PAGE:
Body camera video released in the fatal Texas police shooting of Joshua Feast

Police camera footage has been released during the shooting of 22-year-old black man Joshua Dawat, who was killed in Texas earlier this month.

The La Marque Police Department said the feast was attempted on December 9 by a police officer in La Marque, 40 miles southeast of Houston.

After several public information requests following the shooting, body camera video of the incident was released on Monday by the Galveston County Sheriff’s Office, the agency investigating the incident.

Officer Jose Santos was searching for the feast as part of an investigation into two recent drive-by shootings, according to police. Police said Santos received a feast that night during a patrol around 11:10 a.m. and saw the feast holding a gun.

Police-released body camera video shows Santos driving and exiting his car as someone leaves the passenger gate of another vehicle. Santos appears to open his driver’s side door and shoots at the feast as he runs away.

It is unclear whether Santos or Dawat talk to each other, as the video does not contain audio for the first 30 seconds and picks up after shooting the feast.

The La Marque Police Department said on Monday that the lack of audio is due to a producer facility where body cameras record video for only the first half-minute as a buffer. Camera producer Exxon did not immediately respond to a request from NBC News to confirm the department’s statement.

Based on the video footage, the party stumbles after an escape and an unknown object falls to the ground. Police said Monday that the object was a handgun recovered later by officers and turned over to the Galveston County Sheriff’s Office.

Santos follows the feast to the driveway of a nearby residence, where the feast falls to the ground. According to the video, the officer pleads for backup at the scene as well, asking someone to retrieve the shotgun fired at the chase.

The officer said, “Show me your hands.”

“Help me, help me, help me” replied the feast from the ground.

According to the video, Santos holds a feast at gunpoint while he was asking nearby residents, who arrived there to return.

Daawat died in the hospital after the shooting after being transferred from the scene by ambulance. Police said another handgun was found in the clothes of the feast, which was being treated in an ambulance.

An autopsy of Daawat’s body revealed that he had died from a single gunshot wound.

Lawyer Greg Cagle, representing Santos, said on Monday that although there was no audio in that part of the video, the officer called the gala by name and asked him to drop his weapon after seeing the feast with a gun. His lawyer said that Santos fired after pulling weapons at the feast.

“When you look at the video, frame by frame, that’s how the real world works,” Cagle said. “When officers see Santos Mr. Fest go for firearms in his waistband, that’s when he has to decide to fire.”

Sheriff Henry Trochess of Galveston County told CBS News last week that when he had not seen the video, he was told by investigators that it showed Fest had fired a gun at the officer.

Civil rights lawyer Ben Crump, representing Dawat’s family, called the death “insensitive” and alleged that the body camera video released Monday disputed the sheriff’s claims that Dawast pointed to a gun . Crump alleged that members of the Sheriff’s Office lie to protect Santos.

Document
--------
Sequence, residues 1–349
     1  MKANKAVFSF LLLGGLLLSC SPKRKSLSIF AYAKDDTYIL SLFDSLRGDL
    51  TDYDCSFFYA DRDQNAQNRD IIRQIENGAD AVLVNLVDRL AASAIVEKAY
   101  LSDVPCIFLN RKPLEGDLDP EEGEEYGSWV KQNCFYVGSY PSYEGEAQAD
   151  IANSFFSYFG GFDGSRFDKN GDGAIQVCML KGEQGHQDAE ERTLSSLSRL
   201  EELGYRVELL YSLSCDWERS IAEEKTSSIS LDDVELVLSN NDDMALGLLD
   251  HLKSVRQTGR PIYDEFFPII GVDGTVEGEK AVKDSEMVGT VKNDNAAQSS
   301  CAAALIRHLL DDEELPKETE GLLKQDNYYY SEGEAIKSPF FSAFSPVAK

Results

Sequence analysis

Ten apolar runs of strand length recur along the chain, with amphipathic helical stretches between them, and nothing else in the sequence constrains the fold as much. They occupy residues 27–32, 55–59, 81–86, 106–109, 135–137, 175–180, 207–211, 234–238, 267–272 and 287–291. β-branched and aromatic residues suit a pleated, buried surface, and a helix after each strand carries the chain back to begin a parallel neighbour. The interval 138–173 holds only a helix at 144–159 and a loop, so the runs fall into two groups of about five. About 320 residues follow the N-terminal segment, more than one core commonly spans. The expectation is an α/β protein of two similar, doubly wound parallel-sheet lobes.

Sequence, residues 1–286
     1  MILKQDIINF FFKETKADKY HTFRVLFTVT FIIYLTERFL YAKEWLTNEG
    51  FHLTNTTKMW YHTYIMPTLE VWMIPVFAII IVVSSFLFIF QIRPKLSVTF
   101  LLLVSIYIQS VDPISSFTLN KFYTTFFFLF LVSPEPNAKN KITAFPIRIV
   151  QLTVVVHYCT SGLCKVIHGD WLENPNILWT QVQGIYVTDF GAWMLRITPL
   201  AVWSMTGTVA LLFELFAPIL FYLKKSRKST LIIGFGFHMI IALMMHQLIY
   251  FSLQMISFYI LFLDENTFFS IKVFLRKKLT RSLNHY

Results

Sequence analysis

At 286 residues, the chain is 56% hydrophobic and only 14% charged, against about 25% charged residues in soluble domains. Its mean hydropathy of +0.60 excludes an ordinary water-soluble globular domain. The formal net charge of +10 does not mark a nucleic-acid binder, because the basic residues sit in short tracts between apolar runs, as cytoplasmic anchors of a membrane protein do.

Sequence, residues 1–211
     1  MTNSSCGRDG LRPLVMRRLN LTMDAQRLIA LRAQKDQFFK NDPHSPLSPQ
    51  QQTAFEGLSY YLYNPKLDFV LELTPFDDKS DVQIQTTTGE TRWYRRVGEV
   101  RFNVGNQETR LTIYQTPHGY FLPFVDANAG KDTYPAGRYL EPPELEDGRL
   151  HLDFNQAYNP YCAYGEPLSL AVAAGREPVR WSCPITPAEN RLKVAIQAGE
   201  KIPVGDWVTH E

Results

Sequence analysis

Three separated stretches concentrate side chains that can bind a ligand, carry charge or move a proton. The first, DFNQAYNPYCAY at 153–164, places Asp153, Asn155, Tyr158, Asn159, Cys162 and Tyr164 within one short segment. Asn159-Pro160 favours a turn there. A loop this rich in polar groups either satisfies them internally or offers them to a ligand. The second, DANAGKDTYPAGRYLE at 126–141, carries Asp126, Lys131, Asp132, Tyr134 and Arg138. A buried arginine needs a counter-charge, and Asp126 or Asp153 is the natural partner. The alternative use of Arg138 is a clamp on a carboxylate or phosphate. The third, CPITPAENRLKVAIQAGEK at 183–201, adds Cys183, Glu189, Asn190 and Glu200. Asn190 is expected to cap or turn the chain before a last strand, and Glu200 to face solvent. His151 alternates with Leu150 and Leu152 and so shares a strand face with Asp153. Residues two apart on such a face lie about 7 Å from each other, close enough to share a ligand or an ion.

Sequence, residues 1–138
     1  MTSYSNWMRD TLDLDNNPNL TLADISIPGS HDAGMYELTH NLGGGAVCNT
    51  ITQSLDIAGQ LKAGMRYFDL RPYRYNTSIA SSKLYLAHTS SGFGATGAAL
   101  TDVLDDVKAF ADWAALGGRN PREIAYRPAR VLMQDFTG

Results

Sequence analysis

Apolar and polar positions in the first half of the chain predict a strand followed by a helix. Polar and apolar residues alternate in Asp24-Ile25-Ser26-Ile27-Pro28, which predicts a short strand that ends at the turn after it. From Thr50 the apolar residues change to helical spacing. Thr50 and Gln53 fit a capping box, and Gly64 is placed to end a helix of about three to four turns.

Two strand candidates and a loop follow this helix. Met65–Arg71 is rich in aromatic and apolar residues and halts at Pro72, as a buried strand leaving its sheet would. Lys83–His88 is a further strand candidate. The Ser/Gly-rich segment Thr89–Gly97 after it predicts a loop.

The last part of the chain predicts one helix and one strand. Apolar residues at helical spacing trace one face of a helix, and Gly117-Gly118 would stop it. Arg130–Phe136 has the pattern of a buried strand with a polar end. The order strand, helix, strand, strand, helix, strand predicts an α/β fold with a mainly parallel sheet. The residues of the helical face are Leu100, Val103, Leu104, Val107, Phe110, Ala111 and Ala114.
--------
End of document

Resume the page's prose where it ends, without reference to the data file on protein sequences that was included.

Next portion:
“Because it is clear that the Sheriff Department cannot be trusted to evaluate and relay evidence truthfully and fairly, we demand an independent investigation from the Texas Attorney General and the Department of Justice to oversee the investigation,” Crump said.

Croschett declined to comment on Crump’s charge on Monday and told NBC News that investigators are “collecting every piece of evidence that we have to hand over to the District Attorney’s Office.”

Crump also alleged that Santos had a “tendency to use excessive force against black people”, citing a 2013 case where Santos was named as a defendant.

Santos was named in a 2013 lawsuit when he was employed at the Galveston Police Department, alleging that he and one of his accomplices used excessive force on Reginald Devon Davis in March of that year.

Davis allegedly pulled her to sleep in her car after a friend’s birthday because she wanted to rest before driving home. According to a 2013 complaint, officers allegedly hit Davis, drowned his face in the water and hit him with a stun gun. It is not clear if Santos disputed or confirmed the allegations in the complaint.

Davis voluntarily dismissed the case in August 2014, nearly a year after filing, court records show. Santos resigned from the Galveston Police Department in December 2013, the city confirmed to NBC News on Monday, though it did not explain the reason for his resignation.

Police Department Chief Kirk Jackson said during a press conference on 10 December that St. Marcos was placed on administrative leave from the Le Marque Police Department, as per police policy.

On Monday, the chief said, “We are releasing information as soon as we are able to maintain the integrity of the investigation and comply with our legal obligations.” “We ask to be patient to continue the investigation. Our condolences, thoughts and prayers remain with the family and friends of Joshua Feast.”

Although in a statement released on Monday, La Marque City manager Tink Jackson said there have been protests demanding Santos’s termination, any “employment action” that could take place before the investigation is over.

“There is a way and process in which any personnel action should be taken, so they follow the law,” the city manager said. “it takes time. We ask for your continued patience. “

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